I have an FTP account shared with friends where we upload underground music albums and then we use the links to share the downloads in a music forum. The problem is that the album names are in french so there is a lot of special characters in the name.

So the URL looks like http://www.mydomain.com/downloads/Some Band - En français avec des caractères spéciaux (2013) [7'' EP].zip

For me it works perfectly and I can download the file by using this URL, but I have read everywhere that special chars are bad in URL.

Is there any reason why I must remove the special characters or encode the URL? Is everyone able to access a URL with special characters or will some older browsers not be able to download the files?

I really don't care about SEO or anything else. I just want the download links to work for everyone.

Since the files are uploaded through FTP, I can't use PHP to remove the special characters with a regex, so I really don't know what to do.

  • Asked the same question there too: stackoverflow.com/q/17119689/1591669
    – unor
    Jun 15, 2013 at 16:17
  • It's considered a duplicate question. I'd suggest deleting it there because you already have answers here, and this site is more appropriate for non-programming questions like this.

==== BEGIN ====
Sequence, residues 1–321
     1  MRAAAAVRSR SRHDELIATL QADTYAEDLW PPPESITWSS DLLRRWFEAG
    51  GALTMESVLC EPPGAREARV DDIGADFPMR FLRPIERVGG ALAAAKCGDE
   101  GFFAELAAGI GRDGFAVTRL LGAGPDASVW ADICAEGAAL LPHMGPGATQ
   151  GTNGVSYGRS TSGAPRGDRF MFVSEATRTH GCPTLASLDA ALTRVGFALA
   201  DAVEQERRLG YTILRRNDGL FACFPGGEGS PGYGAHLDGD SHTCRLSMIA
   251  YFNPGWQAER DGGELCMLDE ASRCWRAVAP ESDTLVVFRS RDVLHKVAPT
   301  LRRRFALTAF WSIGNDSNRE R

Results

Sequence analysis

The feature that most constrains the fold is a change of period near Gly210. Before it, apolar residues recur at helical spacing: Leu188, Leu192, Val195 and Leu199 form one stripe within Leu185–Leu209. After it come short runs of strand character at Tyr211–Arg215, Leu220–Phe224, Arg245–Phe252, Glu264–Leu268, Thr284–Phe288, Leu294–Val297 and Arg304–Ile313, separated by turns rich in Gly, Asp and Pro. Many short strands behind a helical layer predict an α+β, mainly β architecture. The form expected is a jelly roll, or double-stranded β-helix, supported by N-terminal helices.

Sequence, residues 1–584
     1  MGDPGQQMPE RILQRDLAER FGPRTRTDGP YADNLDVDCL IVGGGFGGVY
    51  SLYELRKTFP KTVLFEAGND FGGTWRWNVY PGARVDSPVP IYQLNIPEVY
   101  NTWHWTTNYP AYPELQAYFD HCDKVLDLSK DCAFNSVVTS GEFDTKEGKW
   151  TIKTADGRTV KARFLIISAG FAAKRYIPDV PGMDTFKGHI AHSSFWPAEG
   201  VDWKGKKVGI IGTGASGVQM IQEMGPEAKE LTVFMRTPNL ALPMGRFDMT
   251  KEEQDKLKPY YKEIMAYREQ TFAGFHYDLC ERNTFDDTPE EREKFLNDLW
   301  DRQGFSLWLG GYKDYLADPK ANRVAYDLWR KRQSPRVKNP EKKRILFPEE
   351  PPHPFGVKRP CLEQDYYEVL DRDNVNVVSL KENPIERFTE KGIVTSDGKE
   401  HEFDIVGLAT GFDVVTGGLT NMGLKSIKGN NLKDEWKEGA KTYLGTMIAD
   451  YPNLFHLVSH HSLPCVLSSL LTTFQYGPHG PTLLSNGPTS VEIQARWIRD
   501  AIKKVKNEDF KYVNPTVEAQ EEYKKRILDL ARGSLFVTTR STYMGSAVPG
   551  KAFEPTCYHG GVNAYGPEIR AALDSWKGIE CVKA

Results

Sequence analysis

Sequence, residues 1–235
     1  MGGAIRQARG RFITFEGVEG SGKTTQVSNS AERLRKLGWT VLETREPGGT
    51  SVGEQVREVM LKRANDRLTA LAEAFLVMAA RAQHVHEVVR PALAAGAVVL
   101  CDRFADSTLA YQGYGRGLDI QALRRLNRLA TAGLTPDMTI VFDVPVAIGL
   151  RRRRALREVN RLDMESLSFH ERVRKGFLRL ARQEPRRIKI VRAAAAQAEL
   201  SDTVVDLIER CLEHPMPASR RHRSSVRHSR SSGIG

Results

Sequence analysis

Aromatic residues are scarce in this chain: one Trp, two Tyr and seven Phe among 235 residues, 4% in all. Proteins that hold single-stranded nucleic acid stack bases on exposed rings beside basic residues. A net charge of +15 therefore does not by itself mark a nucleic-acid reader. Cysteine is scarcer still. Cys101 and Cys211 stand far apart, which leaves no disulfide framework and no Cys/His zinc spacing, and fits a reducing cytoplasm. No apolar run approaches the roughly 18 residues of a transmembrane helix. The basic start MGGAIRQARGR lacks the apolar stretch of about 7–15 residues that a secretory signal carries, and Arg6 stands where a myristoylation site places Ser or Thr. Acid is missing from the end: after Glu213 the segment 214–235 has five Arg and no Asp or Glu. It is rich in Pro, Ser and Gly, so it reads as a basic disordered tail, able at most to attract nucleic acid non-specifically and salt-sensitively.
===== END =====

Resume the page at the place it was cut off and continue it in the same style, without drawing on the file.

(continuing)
– dan
    Jun 15, 2013 at 21:02
  • Java have a URLEncoder URLDecoder classes to do this.
    – cl-r
    Jun 18, 2013 at 7:02

3 Answers 3


Modern browsers will automatically encode the special characters in the URL before requesting it. So you are already using encoded characters, you just don't know it.

I used http://www.url-encode-decode.com/ to encode the file portion of your URL (using UTF-8):


That should be what browsers are sending when you link without the encoding. For compatibility with older browsers you should URL encode all your links.

  • 1
    That tool does not seem to encode the URL properly? (The output from that tool is consistent with just passing the source string through PHP's urlencode() function - which is not correct.) Spaces in the path part of the URL should be percent-encoded as %20, not a + (plus), as shown above. The + should only be used to encode spaces in the query string part. A + in the path part of the URL is a literal +, so is likely to result in a 404.
    – MrWhite
    Feb 2, 2016 at 20:23

Yes, for uniform compatibility with different browsers and internet accessible applications, you would need to encode all of the following in a URL:

  • Spaces
  • ASCII Control characters
  • Non-ASCII characters
  • Reserved characters
  • Unsafe characters

For more information as to what these are, see this: What characters need to be encoded and why?

Since it seems that you know what the URL's are, you can try to use online URL encoders like the one in the link above, or in the following link, which also provides information about URL encoding: Url Encode/Decode online

Then test the URL's in as many browsers as possible to confirm they are working before shaing them. You can download several different browsers (e.g., Chrome, Firefox, and Opera) and install them on the same computer for testing.